• Based on assessment in (2) to design, implement and evaluate the appropriate cross- sectoral and interdisciplinary local level solutions to combine ‘cash transfers and care’ services and learning opportunities for children in disadvantaged communities.
  • Produce knowledge about the practice of inter-sectoral collaboration for better outcomes for children.
  • Make recommendations to government and non-governmental partners about the potential of integrated social systems strengthening solutions for better social outcomes for children and families.
The study’s objectives are to:
  • Design, test and implement the Child Caregiver Well-being Tracking Tool (CCWTT)
  • Develop generic overarching solutions and action plans to step up child well-being outcomes across the social sectors.
  • Develop, implement and assess the effectiveness of a community-based mathematics and reading development model that includes children and parents.
  • Conduct a baseline assessment study on the mental health of children in their foundation years of schooling and develop assessment guidelines.
  • Determine the factors that contribute to the risk of mental health problems in children and identify factors that contribute to building resilience.
  • Conduct a health and nutrition assessment of the children; devise appropriate primary health care solutions and assess the effectiveness of such solutions.
  • Review, adapt, implement and evaluate a community-based child and family strengthening intervention.
  • Assess the potential of cash transfers and an integrated family intervention on child well-being outcomes.
  • Assess the effectiveness of the CoP approach used in this study to strengthen integrated service provision (Cash Transfers – that is, social grants; care services, health, nutrition,education, welfare and social work services) for better social outcomes for children.

Research methodology

Two levels of CoP will be established as part of the study. The first is an Advisory Level CoP (ALCoP), which will be made up of the Chairs and partners. The second level consists of Local level CoPs (LLCoP), made up of practitioners at community level.

A mixed methods design will be used, with the quantitative component informing the qualitative component at each stage. A pre-test post-test research design will be implemented, in which a child wellbeing assessment will be conducted. The data from this assessment will inform the collaborations between local level partners, who will meet regularly to plan integrated service delivery and reflect on lessons learned. The qualitative component will be exploratory in nature and will seek to draw lessons about what works in a CoP setting.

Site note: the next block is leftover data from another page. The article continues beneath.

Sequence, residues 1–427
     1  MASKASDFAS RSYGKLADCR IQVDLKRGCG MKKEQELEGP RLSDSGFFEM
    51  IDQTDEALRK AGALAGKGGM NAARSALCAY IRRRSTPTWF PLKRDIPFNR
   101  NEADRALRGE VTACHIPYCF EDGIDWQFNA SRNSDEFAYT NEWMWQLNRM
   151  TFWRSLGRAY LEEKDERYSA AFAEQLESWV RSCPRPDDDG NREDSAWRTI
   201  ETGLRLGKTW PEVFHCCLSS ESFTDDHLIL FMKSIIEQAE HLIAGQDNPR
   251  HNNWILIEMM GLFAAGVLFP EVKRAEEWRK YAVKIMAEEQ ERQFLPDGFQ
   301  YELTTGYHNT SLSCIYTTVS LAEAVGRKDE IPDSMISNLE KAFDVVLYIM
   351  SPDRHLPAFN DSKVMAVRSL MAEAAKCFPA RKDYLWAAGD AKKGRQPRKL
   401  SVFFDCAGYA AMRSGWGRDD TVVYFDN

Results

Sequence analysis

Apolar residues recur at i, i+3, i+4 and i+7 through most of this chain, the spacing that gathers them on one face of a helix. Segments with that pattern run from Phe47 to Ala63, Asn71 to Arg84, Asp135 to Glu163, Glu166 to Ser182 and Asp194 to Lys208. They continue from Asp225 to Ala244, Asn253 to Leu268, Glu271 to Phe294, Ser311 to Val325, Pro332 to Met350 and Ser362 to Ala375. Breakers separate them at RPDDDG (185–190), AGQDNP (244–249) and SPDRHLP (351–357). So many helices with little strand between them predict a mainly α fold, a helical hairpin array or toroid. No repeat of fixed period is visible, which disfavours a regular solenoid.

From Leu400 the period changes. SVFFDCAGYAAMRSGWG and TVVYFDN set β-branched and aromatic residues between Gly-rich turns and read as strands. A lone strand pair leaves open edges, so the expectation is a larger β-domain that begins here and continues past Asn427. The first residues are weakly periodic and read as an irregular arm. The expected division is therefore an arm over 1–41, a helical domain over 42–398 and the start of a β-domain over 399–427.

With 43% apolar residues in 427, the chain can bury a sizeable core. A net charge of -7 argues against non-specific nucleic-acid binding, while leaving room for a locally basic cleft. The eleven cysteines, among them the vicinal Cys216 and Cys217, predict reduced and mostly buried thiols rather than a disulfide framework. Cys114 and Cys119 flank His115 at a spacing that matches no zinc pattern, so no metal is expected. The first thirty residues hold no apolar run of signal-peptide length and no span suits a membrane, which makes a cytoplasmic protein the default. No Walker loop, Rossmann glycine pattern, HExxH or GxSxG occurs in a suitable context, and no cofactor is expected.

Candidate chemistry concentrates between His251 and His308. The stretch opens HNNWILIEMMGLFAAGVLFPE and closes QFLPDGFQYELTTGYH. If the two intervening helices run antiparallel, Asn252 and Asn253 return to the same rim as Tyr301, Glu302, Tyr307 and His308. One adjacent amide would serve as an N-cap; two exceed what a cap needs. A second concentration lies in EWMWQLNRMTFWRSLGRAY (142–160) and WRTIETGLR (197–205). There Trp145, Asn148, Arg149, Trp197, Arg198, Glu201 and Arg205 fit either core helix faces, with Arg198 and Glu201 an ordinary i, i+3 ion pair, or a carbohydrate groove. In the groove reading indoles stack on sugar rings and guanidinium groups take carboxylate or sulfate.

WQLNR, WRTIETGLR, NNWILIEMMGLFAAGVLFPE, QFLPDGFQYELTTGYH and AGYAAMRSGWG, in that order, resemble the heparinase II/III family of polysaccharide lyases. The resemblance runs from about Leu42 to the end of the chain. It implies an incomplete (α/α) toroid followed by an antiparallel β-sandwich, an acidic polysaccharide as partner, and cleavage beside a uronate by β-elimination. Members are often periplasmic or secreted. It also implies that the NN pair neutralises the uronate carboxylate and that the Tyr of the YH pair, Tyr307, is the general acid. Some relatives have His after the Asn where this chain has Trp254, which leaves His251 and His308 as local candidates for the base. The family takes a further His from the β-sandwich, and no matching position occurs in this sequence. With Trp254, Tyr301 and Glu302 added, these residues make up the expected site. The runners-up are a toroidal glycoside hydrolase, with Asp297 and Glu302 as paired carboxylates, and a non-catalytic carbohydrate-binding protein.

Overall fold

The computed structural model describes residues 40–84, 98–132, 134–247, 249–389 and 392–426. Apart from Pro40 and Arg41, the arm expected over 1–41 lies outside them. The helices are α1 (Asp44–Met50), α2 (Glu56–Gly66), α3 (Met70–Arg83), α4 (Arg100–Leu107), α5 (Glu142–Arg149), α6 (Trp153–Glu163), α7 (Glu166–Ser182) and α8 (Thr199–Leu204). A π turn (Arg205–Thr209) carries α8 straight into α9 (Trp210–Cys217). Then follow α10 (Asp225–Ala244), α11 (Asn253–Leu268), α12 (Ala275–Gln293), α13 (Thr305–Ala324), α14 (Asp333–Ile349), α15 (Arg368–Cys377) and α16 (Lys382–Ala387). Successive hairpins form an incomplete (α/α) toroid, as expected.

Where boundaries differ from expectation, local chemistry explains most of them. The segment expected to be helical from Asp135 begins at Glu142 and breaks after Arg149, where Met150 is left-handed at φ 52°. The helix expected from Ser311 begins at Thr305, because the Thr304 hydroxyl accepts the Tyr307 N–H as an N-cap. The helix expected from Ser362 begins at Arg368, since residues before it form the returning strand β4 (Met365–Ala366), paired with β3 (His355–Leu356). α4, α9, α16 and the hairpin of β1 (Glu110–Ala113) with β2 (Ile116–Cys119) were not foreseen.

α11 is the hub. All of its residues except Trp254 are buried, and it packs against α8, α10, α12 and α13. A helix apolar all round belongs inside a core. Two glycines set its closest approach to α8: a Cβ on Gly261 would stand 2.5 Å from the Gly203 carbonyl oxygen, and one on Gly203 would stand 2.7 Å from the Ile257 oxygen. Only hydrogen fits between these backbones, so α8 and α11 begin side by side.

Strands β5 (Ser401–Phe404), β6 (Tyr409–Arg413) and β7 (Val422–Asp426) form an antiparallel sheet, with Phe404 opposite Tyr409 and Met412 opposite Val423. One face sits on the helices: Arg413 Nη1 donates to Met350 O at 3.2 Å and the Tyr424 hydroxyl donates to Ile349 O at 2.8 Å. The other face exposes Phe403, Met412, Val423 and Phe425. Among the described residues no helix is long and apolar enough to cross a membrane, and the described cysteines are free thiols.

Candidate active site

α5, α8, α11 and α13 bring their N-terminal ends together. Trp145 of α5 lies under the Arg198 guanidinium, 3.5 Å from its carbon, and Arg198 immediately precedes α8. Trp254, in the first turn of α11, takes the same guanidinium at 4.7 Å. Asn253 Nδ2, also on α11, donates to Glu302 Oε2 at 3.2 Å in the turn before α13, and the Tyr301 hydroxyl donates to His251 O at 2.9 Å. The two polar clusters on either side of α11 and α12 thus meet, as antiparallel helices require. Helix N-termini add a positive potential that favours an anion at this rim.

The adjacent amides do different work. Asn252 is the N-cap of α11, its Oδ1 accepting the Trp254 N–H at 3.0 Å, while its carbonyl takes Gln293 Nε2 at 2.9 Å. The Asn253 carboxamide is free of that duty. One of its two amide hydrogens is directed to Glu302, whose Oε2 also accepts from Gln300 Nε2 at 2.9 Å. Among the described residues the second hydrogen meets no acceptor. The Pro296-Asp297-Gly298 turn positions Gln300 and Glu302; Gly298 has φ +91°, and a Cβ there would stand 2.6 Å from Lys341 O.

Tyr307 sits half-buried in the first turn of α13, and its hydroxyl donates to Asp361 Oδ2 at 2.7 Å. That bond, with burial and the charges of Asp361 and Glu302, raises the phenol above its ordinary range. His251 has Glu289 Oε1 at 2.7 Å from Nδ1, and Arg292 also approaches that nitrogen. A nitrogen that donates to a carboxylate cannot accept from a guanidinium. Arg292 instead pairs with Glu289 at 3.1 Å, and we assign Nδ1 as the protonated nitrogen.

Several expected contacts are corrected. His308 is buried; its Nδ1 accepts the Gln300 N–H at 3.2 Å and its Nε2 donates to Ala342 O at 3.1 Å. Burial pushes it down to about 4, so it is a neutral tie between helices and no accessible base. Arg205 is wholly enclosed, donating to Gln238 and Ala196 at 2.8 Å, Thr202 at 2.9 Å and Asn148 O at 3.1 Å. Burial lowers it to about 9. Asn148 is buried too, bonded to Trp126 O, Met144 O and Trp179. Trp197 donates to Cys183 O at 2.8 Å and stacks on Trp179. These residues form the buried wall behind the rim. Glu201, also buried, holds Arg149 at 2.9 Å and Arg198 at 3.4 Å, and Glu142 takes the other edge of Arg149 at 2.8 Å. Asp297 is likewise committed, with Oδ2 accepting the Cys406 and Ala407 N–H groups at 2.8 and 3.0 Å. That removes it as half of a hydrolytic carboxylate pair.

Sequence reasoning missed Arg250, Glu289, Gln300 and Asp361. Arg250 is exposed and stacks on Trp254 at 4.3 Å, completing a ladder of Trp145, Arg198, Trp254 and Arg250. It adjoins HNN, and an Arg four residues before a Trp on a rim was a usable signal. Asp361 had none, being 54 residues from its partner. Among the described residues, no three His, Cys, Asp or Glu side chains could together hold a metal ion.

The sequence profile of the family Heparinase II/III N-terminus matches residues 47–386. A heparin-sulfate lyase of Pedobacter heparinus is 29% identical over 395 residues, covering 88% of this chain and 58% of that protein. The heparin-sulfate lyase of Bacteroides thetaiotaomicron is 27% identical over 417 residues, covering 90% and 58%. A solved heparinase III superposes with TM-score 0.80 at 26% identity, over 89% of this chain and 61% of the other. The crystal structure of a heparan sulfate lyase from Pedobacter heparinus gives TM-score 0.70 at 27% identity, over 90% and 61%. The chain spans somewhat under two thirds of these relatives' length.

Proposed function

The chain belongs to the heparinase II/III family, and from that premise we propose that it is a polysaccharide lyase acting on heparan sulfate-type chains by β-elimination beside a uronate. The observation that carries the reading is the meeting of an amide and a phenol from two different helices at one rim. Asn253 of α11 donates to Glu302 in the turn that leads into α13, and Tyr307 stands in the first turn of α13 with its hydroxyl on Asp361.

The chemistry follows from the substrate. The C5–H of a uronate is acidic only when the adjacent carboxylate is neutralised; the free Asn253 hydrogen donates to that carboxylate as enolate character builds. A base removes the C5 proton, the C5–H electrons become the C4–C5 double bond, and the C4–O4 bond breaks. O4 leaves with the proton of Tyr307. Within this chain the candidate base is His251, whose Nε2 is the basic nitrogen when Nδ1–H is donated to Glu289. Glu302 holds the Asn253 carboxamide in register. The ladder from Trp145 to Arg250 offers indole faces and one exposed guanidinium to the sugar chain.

The LLCoPs will operate in a pre-selected local school in each of the City of Johannesburg’s five poorest wards. Sampling for the CCWTT data collection will involve randomly selecting one Grade R and one Grade 1 class from the participating school in each community. This should yield a total sample of 400 children across the five schools. The sample will include all the children in the selected classes. The assumption is that from this wider sample of 400 children we would be able to identify the children who are potentially vulnerable and in need of support.

The Child Caregiver Well-being Tracking Tool

The CCWTT will be developed initially by the SARCHI chairs and academic collaborators in consultation with practitioners in the respective communities. The tool will be used to assess how children are faring in learning, health, nutrition and growth, resilience, and psychosocial wellbeing. It will also be used to assess how the sampled children’s caregivers are faring in relation to their family and social functioning, child-caregiver relations, behavioural management, monitoring of children’s progress, engagement in schooling, meeting of basic needs and mental health. The tool will include validated scales such as the Child and Youth Resilience Measure (child version) and the Strengths and Difficulties questionnaire as well as anthropometric measurements conducted by PHC nurses. Learning assessments developed by the SARCHI Chair in Education and Care in Childhood will be responsible for conducting the psychometric assessments. The pre-test and post- test in number concept development and reading, using standardised tools for the children in the sample drawn from the five school population, will be conducted by the SARChI Chair in Integrated Studies of Learning Language, Mathematics and Science in the Primary School.

The CCWTT will be developed as a digital online tracking tool in which fieldworkers can enter information electronically, and vulnerable/ at risk children red flagged for referral to appropriate community